TMW #067 | Amazon, HubSpot, and Big Martech, the economics of online creators, and Kickstarter moves to the blockchain.
Welcome to The Martech Weekly, where every week I review some of the most interesting ideas, research, and latest news. I try to look to where the industry is going and make sense of it all.
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Welcome to the very last "normal" TMW newsletter of 2021. Next week I'm going to attempt a reflection on everything that happened in marketing tech this year. TMW will then resume on the 9th of Jan.
Before we move to the week that was, an episode of the podcast went live this morning. It's about communities for marketers, peer learning, and industry participation with Mike Rizzo, founder of Mo Pros. Listen.
Here’s the week:
- Amazon, HubSpot, and Big Martech: HubSpot is more than a CRM and Amazon wants to be more than a retailing advertiser.
- The ways creators are getting paid. It's about income diversity and selling T-shirts.
- Kickstarter moves onto the blockchain. The crowdfunding cornerstone has seen the writing on the wall.
- Everything else: Building websites on your phone, how Shopify uses Google Cloud, the empty promises of Web3, TikTok can read your mind, compressed commerce, the $109 billion in holiday spending, the cloudless cloud, and the art of the one-pager!
Amazon, HubSpot and Big Martech™ A couple of years ago a friend of mine had a significant change in their career. They moved from working in solution architecture to sales. When I asked why, they said that your career is better off the closer you are to the revenue. Perhaps Amazon was thinking the same thing when, back in August, the M&A team were talking about acquiring HubSpot for up to $40 billion.
For the record, I don’t think the rumors will eventuate into an acquisition, but the thought experiment of what Amazon would do with a company like HubSpot is interesting, to say the least. Interesting in that Amazon would even consider an acquisition in the first place, and what it can tell us about Big Tech’s increasing involvement in B2B marketing platforms.
On the surface, there’s a mismatch between Amazon’s retail customers (merchants) and HubSpot's core customers (B2B services firms). But when you look at who’s using AWS (aside from everyone) there’s a large proportion of users who are exactly in this category. And as HubSpot is running on AWS anyway, there’s a strong value proposition around a native integration in the pipeline from data warehouse to CRM to marketing execution.
So what would Amazon do with HubSpot? Amazon has been building several tools for marketers as the company increasingly moves into the advertising space. The Amazon Marketing Cloud platform, which is the technology layer to buy ads on Amazon’s network of websites including retail has scaled to a point that 43% of Amazon stock value comes from advertising. This is almost as much as the entire AWS business. Like in the early days of the internet, Amazon transformed from a bookseller into The Everything Store, and before our eyes, the company is transforming again into the world’s largest platform for marketers.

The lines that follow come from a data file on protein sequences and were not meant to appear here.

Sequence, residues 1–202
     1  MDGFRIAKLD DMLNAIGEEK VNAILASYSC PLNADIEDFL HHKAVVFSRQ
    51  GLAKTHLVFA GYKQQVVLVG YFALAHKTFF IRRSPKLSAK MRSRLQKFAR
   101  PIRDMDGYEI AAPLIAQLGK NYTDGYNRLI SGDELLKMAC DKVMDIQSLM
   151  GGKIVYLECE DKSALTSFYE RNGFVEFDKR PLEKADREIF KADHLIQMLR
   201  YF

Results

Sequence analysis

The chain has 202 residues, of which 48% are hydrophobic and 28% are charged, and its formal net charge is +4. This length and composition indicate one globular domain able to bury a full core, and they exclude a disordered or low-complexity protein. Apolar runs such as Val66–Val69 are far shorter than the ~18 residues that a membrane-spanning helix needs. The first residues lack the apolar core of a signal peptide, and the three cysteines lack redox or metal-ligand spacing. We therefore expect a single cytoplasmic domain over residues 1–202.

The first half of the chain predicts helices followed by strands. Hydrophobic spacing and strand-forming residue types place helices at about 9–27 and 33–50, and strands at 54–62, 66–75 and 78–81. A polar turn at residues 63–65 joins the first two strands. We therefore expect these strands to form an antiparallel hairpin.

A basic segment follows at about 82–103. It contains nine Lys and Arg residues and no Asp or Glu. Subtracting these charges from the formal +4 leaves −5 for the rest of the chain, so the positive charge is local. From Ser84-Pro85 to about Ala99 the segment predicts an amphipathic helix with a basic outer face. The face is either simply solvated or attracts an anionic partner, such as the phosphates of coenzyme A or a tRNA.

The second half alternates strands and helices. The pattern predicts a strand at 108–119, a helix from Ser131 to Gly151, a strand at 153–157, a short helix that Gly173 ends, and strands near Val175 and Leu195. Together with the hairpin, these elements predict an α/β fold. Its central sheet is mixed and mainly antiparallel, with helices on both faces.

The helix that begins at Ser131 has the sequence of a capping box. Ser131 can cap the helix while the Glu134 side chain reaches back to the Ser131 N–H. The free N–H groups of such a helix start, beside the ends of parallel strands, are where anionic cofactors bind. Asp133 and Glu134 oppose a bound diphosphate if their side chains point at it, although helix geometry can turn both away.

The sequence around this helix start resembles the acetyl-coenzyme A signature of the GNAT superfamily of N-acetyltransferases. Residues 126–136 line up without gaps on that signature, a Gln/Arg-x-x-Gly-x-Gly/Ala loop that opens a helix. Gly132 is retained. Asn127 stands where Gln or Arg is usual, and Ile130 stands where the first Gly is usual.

So why is this important? And what does it have to do with HubSpot? Amazon has been building tools on the other side of the advertising fence for years. Products like Predict, and Pinpoint are both extensions of the AWS ecosystem that seek to help brands build experiences for customers. However, the tools haven’t taken off in a major way. AWS is still a cloud infrastructure company, and if you talk to any enterprise Martech buyer, they won’t be having AWS on their marketing cloud vendor list anytime soon.
If Amazon is rapidly scaling the advertising side of their business, the next logical step would be to move into owned channels, like sales, email, SMS, and web experiences. HubSpot offers products for all of these channels and has cemented itself as the champion of small to medium enterprises. In this way the acquisition would make sense, it gives Amazon a way to move into this market and give customers a potential capability to link advertising efforts with customer experience, sales, and marketing.
It’s not only the technology that would make HubSpot an attractive acquisition target. The company has a thriving ecosystem of apps, service partners, and sellers, which has the potential to drive more than $12 billion in revenue within the marketplace by 2024. There are many people who rely on the HubSpot platform to remain open and available to marketers to integrate apps and find agencies to service the software.
It’s this web of partners and ecosystem participants that could create an entirely new upside for the AWS business. All of these participants rely on cloud computing, and by owning the substate of technology, you have captive app developers who wouldn't mind being on the same infrastructure as HubSpot.
The real opportunity for Amazon, however, is to maintain a competitive edge in ascendant platform trends. Google, Microsoft, and Facebook are all making moves into the customer experience space, from acquiring customer service tools, to launching CX platforms and building features to activate customer data. For Amazon, entering the customer experience realm with HubSpot would help the company hedge against cloud competitors, squarely because marketing suits are notoriously sticky and hard to replace.